4 Oct 2022
A shattered arm. A cover-up of safety violations. Workers dying, with minimal penalties for employers.
That’s the kind of testimony rank-and-file workers and safety advocates brought to Washington DC last week. The occasion was a first-ever Workers’ Voice Summit, convened by the U.S. Occupational Safety and Health Administration (OSHA), the federal agency responsible for workplace safety.
“We know they don’t treat us right, it’s not safe most of the time,” said Eh Phaung, a forklift operator at a mattress factory near Albany, New York. She attended the Summit with National COSH affiliate NENYCOSH, and said she and her co-workers face hazards from long hours and repetitive carrying and heavy lifting.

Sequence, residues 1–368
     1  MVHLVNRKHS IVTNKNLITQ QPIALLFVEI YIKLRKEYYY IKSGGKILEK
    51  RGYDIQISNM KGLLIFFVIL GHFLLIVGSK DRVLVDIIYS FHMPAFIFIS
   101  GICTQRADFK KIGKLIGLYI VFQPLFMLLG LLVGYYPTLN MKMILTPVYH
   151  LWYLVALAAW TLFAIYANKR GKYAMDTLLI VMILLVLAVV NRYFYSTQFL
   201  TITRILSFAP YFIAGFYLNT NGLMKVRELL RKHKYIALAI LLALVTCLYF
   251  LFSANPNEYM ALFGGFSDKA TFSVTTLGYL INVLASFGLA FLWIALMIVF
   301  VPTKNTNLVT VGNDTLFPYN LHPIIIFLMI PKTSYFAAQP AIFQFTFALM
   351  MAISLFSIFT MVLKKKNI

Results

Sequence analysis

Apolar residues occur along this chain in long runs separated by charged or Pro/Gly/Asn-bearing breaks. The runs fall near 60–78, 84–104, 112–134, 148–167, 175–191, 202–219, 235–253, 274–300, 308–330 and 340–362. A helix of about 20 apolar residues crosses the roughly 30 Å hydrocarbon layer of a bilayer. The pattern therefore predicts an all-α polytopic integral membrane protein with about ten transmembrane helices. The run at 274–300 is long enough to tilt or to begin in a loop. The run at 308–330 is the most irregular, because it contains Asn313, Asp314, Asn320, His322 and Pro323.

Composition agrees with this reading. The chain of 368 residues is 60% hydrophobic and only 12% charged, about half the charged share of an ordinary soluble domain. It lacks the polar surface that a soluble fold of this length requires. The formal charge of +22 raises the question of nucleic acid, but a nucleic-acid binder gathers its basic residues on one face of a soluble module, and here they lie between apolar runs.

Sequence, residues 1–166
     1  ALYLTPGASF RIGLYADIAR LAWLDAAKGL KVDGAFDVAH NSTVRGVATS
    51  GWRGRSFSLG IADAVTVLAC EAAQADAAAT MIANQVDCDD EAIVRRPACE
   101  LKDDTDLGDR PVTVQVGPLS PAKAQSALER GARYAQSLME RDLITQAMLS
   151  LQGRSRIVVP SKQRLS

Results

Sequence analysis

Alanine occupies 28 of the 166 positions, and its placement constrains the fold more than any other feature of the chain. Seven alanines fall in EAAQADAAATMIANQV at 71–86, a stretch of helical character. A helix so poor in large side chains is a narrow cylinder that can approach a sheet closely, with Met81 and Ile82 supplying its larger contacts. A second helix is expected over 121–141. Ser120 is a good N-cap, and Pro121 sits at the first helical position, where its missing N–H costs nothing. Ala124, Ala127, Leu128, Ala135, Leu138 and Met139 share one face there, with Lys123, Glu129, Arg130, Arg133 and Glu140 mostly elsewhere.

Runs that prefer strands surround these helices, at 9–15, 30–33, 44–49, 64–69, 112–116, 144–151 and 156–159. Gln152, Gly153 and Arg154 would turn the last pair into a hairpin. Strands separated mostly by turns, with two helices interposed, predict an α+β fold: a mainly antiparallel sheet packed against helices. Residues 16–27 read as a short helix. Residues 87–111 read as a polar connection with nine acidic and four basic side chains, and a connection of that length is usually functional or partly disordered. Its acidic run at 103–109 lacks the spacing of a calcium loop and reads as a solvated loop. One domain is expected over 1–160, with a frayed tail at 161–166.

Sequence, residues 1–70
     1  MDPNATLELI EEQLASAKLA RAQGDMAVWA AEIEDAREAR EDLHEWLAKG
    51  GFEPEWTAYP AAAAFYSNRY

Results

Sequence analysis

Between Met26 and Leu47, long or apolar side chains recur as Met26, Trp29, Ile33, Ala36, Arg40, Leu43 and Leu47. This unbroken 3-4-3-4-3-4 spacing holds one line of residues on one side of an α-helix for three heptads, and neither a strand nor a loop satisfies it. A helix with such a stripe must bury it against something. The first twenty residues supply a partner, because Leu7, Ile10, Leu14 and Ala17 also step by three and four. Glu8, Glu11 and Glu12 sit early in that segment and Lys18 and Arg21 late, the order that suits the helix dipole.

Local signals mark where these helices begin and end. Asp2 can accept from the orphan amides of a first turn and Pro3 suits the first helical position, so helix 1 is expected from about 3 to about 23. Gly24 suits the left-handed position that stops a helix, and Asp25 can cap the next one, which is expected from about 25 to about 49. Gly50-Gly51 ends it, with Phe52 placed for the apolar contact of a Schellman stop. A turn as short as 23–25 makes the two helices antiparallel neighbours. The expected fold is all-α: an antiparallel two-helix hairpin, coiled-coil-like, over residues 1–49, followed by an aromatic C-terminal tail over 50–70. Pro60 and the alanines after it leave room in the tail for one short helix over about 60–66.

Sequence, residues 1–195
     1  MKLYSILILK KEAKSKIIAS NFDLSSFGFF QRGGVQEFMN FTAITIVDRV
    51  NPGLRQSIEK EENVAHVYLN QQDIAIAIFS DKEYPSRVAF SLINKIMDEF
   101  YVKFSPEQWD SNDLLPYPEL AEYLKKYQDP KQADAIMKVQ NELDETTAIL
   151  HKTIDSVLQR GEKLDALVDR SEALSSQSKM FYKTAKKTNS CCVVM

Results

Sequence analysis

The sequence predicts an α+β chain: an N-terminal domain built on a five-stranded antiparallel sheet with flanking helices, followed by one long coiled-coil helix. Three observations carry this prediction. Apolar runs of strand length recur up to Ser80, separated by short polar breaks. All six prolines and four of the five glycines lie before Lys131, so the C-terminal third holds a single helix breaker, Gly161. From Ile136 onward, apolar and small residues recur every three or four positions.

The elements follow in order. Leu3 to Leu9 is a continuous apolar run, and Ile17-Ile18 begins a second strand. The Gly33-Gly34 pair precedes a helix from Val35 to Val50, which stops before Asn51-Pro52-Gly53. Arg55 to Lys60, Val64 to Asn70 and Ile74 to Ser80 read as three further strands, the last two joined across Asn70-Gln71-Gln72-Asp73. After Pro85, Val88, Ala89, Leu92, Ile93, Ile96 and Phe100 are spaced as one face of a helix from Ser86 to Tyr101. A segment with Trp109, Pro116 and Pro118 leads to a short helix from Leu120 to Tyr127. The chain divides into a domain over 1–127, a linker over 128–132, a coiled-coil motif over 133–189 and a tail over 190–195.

National COSH and allies in the movement for workplace justice worked together prior to the Summit and advocated strongly for an inclusive, accessible event to genuinely represent and uplift the voices of workers who face dangerous, life-threatening hazards every day on the job. Collaborating with our COSH Network of 26 local health and safety groups, we reached out to engage workers whose voices are overlooked: Low-wage workers, temp workers, immigrants and workers of color.
Our efforts succeeded in bringing diverse voices to the table – and workers had plenty to say.
“My grandson works at the postal service in Jackson, sorting mail,” said Rebecca Miles, a worker leader from the Mississippi Workers’ Center for Human Rights, a National COSH affiliate based in Greenville, Mississippi. “Last Wednesday, they didn’t have enough employees at work, so they put him on the conveyor belt,” said Miles, during an open mic session.